Remember Google Glass? If you’ve been keeping up with tech news over the past few years, you probably remember when Google Glass was first released – and subsequently pulled early last year. The unique gadget from Google sparked both interest and controversy over its time on the market, but Google Glass “Explorer Edition” never amounted to much more than an expensive beta testing program (which required $1500 to be a part of).
But not all hope is lost regarding Google Glass, as it turns out. Last week a follow-up to the wearable was spotted on the FCC’s website, which many tech websites are reporting as “Google Glass 2”, but is being developed under the name “Project Aura”. The new version of Glass features key improvements over the initial version, which will hopefully improve its chances of succeeding in the real world.
If you recall, the first edition of glass was both awe-inspiring and troublesome at the same time. While the futuristic design and use of Glass was innovative and futuristic, it was also a paranoid’s worst nightmare. Glass had the ability to record from a first-person perspective, which would be great for documenting life experiences; on the other hand, there was no exterior indicator light that signaled somebody was recording.
The new changes to Google Glass apparently address the recording issue, with the new version adding an external green indicator light whenever the device is recording. There are also a couple of notable design changes, such as an added hinge so that the earpiece can fold inward, similar to a normal pair of eyeglasses. The first generation Glass didn’t fold inward.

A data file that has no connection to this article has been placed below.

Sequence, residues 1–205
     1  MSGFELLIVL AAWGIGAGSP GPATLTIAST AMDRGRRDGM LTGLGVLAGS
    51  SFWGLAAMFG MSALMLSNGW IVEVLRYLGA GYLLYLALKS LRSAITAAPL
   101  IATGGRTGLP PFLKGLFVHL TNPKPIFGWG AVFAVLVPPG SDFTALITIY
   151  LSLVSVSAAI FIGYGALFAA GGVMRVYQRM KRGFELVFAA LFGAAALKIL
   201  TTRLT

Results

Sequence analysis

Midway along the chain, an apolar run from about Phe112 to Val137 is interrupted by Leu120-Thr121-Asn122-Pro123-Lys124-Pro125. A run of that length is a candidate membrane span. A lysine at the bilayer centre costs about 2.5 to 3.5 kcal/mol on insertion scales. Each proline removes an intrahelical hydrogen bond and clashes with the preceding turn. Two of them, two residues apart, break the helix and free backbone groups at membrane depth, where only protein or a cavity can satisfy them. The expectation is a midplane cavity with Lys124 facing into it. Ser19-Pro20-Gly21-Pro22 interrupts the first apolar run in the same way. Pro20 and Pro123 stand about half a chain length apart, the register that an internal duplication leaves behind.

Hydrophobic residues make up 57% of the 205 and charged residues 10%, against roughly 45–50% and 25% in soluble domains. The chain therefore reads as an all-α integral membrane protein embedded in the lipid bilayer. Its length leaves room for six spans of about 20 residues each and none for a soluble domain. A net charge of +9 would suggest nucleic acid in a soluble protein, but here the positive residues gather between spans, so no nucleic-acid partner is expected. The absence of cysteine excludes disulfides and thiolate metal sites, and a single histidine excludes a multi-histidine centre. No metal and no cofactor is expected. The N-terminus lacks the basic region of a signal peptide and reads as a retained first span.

Another big change to come to Glass is the alleged report that it won’t actually be tailored for normal everyday use. Instead, Glass will be tailored for more professional environments.
Assuming these changes are true, it seems like a good direction to go in. The earlier version of Glass sparked stories such as the woman who was ticketed for driving using Google Glass, which was eventually dismissed. There was also the story of the man who was allegedly interviewed by the Department of Homeland Security over use of his Google Glass in a Columbus, OH movie theater due to piracy concerns (although the device was apparently not actually in use, but his prescription strength lenses were fixated to the wearable).
When you consider that the first iteration of Google Glass was, well, the first, it’s hard to expect such a new piece of technology to get everything right the first time. I think eventually a wearable device like Google Glass would have been acceptable, but obviously allowing it in a more controlled environment, like the workplace, would make it easier to implement rather than out in the wild where people may not know what it is or what it can do.
Virtual reality and augmented reality are both becoming our reality; Google Glass, Microsoft HoloLens, Playstation VR (Project Morpheus), HTC Vive, and Oculus Rift are all wearable devices that use VR or AR as its main feature. At the rate these gadgets are surfacing, it feels like it won’t be long before headsets will be more common than not. Because of this, I think there is still a real future for Google Glass. Google Glass 2 seems like the next natural step in the right direction.